EGELSTON TOWNSHIP, Mich. (WOOD) — A road rage incident early Tuesday led to a police chase near Muskegon and a crash that killed an innocent passerby and injured the suspect, the sheriff’s office says.

Muskegon County dispatchers got a report of the road rage case, which had started in neighboring Ottawa County, just after midnight. Muskegon County Undersheriff Ken Sanford said a deputy spotted the vehicles and followed them to a mobile home park on Carr Road north of E. Apple Avenue. When the deputy turned on his cruiser’s flashing lights, one of the cars stopped but the other took off. The deputy gave chase.

“He followed that vehicle onto Hall Road, still with the lights on, and the vehicle accelerated away from him. (The deputy) activated his siren and began to pursue the vehicle on Hall Road eastbound,” the undersheriff said. “They continued eastbound all the way to Maple Island Road. Our deputy was several hundred feet behind the vehicle.”

Sanford said it was about 2 minutes between the time the cruiser’s flashing lights were activated and when the crash happened.

The undersheriff said the suspect vehicle ignored the stop sign at Maple Island and hit a northbound car. The driver of that northbound car, a 53-year-old Twin Lake man, was killed.

The suspect driver, a 23-year-old Grand Rapids woman, was injured and taken to the hospital. Sanford said deputies were awaiting more information about her injuries.

“There is indication of alcohol being involved,” Sanford said. “Obviously once medical personnel arrived on the scene, there was smell of intoxicants from the driver. And obviously, we’ll do our investigation from there.”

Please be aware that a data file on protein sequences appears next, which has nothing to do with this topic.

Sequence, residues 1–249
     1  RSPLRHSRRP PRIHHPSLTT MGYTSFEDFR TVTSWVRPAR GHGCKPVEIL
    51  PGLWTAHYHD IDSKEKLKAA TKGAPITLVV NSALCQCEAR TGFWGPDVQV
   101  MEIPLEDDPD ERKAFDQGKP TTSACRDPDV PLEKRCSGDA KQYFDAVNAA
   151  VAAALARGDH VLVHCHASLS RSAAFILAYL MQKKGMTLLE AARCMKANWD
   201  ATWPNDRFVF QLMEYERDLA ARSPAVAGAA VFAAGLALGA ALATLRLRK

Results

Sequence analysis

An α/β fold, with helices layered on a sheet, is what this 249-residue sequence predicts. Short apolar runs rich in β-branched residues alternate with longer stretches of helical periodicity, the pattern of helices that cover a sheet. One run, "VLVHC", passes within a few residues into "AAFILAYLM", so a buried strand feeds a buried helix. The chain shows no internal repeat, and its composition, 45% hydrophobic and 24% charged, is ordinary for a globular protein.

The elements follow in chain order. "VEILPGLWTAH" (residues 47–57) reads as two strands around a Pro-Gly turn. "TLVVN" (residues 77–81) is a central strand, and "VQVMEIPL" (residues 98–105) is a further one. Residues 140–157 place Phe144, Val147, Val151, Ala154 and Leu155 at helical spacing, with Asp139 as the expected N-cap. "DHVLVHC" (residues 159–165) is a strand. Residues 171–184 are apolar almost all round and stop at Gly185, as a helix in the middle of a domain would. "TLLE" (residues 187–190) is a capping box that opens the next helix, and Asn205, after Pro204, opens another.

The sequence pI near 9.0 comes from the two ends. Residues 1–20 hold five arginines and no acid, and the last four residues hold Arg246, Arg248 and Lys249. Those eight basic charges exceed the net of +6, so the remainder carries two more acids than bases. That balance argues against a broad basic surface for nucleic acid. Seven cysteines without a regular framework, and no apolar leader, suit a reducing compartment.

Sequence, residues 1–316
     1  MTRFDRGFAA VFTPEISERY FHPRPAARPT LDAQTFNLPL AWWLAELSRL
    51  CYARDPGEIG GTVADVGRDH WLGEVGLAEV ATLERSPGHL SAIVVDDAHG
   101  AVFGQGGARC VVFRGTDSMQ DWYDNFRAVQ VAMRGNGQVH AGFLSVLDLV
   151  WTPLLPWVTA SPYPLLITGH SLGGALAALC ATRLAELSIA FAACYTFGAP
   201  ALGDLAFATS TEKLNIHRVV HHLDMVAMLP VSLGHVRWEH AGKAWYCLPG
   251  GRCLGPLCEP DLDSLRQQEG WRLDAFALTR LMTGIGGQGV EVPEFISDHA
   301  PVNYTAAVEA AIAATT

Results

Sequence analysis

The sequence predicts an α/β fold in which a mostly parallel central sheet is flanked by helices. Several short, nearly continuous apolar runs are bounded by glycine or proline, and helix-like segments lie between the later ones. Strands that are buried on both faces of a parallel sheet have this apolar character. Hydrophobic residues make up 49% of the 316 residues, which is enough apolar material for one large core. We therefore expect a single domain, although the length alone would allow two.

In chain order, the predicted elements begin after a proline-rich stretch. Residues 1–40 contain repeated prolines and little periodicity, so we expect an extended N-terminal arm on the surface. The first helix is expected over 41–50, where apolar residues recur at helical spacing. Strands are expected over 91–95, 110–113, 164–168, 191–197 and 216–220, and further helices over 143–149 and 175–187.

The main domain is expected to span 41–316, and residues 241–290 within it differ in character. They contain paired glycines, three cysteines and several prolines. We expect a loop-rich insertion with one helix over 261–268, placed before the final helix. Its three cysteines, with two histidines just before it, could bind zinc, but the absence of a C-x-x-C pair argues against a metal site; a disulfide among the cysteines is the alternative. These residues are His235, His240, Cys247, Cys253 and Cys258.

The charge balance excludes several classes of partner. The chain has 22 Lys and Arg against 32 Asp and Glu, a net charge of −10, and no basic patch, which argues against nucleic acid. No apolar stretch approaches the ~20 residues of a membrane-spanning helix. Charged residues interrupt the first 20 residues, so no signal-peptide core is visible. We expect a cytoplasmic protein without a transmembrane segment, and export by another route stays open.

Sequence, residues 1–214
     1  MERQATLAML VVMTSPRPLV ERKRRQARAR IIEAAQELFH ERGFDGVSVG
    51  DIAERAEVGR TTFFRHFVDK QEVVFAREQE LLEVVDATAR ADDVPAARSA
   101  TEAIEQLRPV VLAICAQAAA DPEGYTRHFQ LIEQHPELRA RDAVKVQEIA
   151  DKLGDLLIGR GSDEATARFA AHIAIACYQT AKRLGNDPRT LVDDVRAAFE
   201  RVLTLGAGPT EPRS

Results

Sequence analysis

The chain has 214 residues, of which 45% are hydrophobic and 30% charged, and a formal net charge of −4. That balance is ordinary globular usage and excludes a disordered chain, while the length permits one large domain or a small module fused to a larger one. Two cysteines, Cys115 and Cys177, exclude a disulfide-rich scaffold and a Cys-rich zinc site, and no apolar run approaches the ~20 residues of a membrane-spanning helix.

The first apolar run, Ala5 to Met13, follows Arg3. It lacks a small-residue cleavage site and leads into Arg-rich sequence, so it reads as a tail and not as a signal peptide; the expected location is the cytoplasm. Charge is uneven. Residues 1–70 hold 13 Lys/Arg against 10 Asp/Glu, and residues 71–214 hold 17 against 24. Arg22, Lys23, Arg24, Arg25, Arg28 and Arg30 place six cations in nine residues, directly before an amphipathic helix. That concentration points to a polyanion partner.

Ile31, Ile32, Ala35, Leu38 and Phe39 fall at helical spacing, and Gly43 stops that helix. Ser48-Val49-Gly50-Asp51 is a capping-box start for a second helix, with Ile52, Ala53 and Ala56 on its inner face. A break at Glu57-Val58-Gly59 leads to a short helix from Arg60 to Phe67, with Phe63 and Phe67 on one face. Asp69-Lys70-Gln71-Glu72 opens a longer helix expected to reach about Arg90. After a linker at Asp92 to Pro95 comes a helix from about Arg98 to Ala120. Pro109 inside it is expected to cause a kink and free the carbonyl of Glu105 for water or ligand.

He said criminal charges may be issued within the next few days.

The undersheriff did not release the suspect’s name nor the name of the man who was killed.

“Motor vehicles can become weapons very quickly, and this case demonstrated that,” Sanford said.

The undersheriff said the Muskegon County Sheriff’s Office does not have a no-chase policy — it’s up to each deputy to decide when to chase someone. He said deputies are required to provide the reasons why and make decisions about whether to continue that pursuit after it starts.

“Is it safe to continue the pursuit? Is it not? Taking in all the environmental factors, that being traffic, speed, the ability of the driver, how well are they driving, the ability of the officer and how comfortable he is with the pursuit itself,” Sanford said.

In this case, Sanford said, the roads were dry and there wasn’t a lot of other traffic, it being the middle of the night and not a main thoroughfare like Apple Avenue.

He said the death of the innocent Twin Lake man could have been avoided if the suspect driver had simply stopped.

“Those are the dangers when people decide they’re not going to stop for the police and they’re going to do whatever they can to get away,” Sanford said. “It’s tragic.”